Author Karen Petit returned waves and watched as Hammond Hill Elementary pupils entered the school cafeteria dressed in different book themes and characters for the annual character parade Friday.
As Petit sat in a thronelike chair, her poodle Louise stood next to her, often getting petted by pupils as they walked by.
Petit was the school’s guest during its annual author visit, which is held on the same day as the character parade. The Columbia resident’s books include A Paw on My Heart and Shandon’s Ivy League mystery series, which was inspired by her dog Ivy.
During her visit, Petit answered questions submitted by pupils during the school’s morning news show, talked with children about being an author, demonstrated a canine freestyle dance with Louise and ate lunch with six pupils, one from each grade level.
Petit always enjoyed reading and writing growing up and would often write poetry and short stories.
“I always thought I wanted to be an author but I could never find the story that I was meant to write,” she said.
In 2003, she was going through a “bad time” in her life. She went through a divorce, and her mother had a rare disease and was dying.
Some of her friends were moving and were unable to take their dog Ivy with them. After meeting the dog, she decided to adopt Ivy.
“Within a month, I was writing the first book of the mystery series,” she said.
The first book was published in 2006, three years after she finished writing it. She said the delay was from dealing with her mother’s illness and having to find a publisher.
After she wrote the first book, she decided to keep writing.
“I never intended to write a series. I thought I would write one book about a dog that solved a mystery,” she said. “But while I was writing the first book, I was having so much fun with it and I like my characters, their personalities and I didn’t want to give it up. I felt if Ivy and her friends could solve one mystery, they could solve two, so I kept writing and I’m still writing.”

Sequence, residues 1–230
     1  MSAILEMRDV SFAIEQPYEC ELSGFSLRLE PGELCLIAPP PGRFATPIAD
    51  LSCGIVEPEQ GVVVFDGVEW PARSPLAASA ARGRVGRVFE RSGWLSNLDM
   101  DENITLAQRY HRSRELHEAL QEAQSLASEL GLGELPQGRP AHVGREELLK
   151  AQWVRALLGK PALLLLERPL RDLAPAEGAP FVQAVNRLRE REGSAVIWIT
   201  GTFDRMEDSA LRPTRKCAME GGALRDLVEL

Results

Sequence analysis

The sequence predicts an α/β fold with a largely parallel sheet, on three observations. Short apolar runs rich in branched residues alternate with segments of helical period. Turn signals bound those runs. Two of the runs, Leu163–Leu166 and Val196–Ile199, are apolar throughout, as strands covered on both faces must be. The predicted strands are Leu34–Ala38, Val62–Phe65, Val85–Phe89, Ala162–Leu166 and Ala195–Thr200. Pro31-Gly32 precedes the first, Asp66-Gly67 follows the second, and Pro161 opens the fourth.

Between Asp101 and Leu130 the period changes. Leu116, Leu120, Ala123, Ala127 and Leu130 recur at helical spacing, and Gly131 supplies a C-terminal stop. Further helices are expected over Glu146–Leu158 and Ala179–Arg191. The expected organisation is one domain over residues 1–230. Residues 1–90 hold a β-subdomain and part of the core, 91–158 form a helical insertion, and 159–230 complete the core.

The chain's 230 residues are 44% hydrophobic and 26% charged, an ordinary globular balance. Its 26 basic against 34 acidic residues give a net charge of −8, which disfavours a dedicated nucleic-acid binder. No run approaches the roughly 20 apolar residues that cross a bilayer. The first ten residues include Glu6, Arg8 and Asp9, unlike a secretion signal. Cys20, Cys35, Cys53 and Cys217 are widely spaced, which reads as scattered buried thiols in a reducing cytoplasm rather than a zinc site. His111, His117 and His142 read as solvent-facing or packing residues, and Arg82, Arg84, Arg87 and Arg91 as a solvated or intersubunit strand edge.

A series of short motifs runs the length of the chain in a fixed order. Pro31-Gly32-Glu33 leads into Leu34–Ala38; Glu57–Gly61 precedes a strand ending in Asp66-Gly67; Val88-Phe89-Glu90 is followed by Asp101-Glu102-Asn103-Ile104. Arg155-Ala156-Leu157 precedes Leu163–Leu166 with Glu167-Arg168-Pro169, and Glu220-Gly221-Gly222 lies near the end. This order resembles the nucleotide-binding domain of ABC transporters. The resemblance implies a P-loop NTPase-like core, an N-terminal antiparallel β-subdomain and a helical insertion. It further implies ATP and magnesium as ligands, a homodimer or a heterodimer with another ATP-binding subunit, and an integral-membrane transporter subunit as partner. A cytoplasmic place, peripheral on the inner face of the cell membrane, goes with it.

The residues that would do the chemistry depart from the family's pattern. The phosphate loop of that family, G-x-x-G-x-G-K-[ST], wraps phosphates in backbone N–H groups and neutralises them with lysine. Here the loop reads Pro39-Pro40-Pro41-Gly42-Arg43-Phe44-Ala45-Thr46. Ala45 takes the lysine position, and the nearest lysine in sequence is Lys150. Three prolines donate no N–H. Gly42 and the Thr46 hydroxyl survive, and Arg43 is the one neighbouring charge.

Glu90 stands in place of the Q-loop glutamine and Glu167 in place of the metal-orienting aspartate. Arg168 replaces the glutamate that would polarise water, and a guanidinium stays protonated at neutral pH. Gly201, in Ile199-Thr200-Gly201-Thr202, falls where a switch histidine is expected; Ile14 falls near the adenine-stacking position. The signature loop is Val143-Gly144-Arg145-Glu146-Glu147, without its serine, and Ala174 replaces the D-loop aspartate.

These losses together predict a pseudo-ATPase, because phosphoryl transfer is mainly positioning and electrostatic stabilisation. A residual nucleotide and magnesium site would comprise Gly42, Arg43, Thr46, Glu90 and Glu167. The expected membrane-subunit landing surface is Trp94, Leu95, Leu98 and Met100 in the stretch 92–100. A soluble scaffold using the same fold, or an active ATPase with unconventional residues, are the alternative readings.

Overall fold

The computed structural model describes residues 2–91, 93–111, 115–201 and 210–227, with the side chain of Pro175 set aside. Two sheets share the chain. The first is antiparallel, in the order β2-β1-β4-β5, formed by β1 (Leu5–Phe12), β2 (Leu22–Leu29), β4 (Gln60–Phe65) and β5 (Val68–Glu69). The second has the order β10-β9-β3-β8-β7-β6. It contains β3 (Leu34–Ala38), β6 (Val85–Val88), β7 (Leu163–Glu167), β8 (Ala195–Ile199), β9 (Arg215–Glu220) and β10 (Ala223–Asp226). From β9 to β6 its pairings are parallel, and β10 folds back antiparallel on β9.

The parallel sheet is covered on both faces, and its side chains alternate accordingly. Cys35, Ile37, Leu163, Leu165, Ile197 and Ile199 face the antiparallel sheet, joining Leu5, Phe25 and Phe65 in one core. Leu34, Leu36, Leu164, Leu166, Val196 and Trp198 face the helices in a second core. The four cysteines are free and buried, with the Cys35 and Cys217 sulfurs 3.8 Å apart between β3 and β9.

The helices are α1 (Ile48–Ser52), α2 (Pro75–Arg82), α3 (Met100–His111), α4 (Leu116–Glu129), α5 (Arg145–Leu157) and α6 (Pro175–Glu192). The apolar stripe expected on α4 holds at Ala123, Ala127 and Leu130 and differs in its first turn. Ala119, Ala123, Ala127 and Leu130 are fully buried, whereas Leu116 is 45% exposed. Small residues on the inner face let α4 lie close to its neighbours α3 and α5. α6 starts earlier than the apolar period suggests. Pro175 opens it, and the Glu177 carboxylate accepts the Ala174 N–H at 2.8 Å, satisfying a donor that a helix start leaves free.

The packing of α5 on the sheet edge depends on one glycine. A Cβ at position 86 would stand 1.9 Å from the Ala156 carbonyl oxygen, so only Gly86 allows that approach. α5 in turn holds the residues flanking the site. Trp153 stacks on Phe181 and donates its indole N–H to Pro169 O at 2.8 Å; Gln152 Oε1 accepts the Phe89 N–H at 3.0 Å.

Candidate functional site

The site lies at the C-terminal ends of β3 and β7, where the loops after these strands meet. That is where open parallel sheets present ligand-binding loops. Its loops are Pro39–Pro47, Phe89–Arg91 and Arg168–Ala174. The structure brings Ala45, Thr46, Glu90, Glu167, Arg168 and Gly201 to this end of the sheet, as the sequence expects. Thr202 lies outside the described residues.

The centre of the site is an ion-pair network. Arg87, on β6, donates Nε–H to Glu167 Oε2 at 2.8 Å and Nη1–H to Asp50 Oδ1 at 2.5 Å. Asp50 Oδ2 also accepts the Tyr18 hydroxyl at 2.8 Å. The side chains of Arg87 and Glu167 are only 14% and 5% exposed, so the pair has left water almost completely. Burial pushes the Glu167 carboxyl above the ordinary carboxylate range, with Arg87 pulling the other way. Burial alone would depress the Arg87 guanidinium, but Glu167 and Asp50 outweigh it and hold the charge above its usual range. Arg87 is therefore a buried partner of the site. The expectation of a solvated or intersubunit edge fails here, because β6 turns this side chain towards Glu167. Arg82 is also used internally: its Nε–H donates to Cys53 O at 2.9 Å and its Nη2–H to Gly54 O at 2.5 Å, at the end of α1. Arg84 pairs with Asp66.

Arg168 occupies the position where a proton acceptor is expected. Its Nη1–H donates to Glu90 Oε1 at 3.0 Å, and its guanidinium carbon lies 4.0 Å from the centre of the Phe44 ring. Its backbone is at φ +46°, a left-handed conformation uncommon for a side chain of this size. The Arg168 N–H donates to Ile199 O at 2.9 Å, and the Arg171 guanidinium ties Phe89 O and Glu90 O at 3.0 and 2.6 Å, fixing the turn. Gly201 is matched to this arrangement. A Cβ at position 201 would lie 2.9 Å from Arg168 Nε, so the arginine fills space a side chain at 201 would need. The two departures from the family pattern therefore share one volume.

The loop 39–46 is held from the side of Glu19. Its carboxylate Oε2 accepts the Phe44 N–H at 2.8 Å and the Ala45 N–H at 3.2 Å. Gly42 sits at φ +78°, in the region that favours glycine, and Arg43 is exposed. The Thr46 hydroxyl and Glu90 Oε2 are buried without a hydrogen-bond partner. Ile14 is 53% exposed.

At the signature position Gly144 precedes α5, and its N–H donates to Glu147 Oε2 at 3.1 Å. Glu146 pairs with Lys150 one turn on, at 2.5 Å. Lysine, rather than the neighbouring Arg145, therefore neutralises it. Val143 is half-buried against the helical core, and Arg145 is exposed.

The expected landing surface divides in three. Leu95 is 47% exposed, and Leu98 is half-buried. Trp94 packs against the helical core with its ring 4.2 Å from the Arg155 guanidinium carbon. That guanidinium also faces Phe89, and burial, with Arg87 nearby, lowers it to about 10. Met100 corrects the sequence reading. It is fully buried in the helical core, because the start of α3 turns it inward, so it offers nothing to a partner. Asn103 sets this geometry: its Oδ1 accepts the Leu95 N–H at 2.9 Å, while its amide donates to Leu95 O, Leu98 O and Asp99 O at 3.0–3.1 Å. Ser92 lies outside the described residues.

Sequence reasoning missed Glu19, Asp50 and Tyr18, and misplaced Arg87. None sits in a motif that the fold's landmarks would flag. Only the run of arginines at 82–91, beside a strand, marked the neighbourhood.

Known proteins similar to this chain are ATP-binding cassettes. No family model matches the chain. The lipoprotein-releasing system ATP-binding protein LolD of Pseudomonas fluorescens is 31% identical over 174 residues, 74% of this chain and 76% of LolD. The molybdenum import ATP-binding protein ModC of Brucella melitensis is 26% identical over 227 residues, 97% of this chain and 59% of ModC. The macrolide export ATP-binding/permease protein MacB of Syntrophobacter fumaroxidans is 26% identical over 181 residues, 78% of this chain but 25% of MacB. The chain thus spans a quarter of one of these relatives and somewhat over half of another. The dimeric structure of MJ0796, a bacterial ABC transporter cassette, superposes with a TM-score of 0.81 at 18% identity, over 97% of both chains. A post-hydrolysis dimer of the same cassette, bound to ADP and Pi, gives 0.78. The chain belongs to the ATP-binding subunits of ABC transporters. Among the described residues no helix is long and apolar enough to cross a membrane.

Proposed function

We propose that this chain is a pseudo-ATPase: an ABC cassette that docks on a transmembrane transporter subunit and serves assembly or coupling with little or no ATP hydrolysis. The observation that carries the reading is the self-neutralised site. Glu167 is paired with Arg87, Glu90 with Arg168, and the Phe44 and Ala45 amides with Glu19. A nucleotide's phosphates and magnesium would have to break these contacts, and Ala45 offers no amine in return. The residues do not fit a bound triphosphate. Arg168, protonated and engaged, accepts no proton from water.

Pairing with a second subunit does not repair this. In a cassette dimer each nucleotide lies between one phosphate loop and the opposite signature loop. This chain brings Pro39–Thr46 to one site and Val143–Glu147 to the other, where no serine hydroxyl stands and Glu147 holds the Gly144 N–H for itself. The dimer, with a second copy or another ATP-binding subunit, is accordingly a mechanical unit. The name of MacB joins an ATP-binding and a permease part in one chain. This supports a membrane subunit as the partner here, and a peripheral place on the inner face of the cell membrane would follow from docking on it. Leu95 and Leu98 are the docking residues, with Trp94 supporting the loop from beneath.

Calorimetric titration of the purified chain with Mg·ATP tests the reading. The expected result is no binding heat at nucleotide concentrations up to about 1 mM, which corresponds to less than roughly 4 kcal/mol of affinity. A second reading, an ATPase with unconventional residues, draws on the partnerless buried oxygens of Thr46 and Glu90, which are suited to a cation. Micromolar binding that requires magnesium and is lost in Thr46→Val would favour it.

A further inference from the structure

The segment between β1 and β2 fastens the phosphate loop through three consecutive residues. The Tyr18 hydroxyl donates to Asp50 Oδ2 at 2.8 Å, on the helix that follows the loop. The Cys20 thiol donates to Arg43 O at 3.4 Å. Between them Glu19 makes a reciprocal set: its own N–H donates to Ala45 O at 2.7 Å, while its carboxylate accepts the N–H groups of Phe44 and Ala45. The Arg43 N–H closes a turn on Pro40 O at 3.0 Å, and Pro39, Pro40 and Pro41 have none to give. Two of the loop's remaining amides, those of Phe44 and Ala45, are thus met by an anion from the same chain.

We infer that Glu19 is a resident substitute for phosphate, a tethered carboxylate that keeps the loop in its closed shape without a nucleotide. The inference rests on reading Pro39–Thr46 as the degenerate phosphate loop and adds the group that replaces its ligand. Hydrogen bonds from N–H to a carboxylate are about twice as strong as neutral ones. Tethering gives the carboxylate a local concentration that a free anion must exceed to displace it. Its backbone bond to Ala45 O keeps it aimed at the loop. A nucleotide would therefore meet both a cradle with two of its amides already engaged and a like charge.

She is also working on another series based on her 5-year-old dog, Louise, who she adopted after Ivy died of cancer in 2008.
The annual author visit allows pupils an opportunity to learn how authors use the writing process, said Rhonda Criss, the school’s library media specialist.
“The students get to learn from their firsthand experiences about the writing and publishing process,” she said. “We want to encourage both reading and writing, and this is a way to show them that these are skills that are used to write books. It’s also a chance for them to see that there are local authors as well.”
Through her visit, Petit hopes the pupils learned the importance of reading.
“I hope they realize that reading is at the heart of everything they will do in life,” she said. “Whether you become a doctor, a lawyer, a teacher or even a football player, reading is critical to everything that we do. Whether they read my books or somebody else’s books, it’s just important that they read.”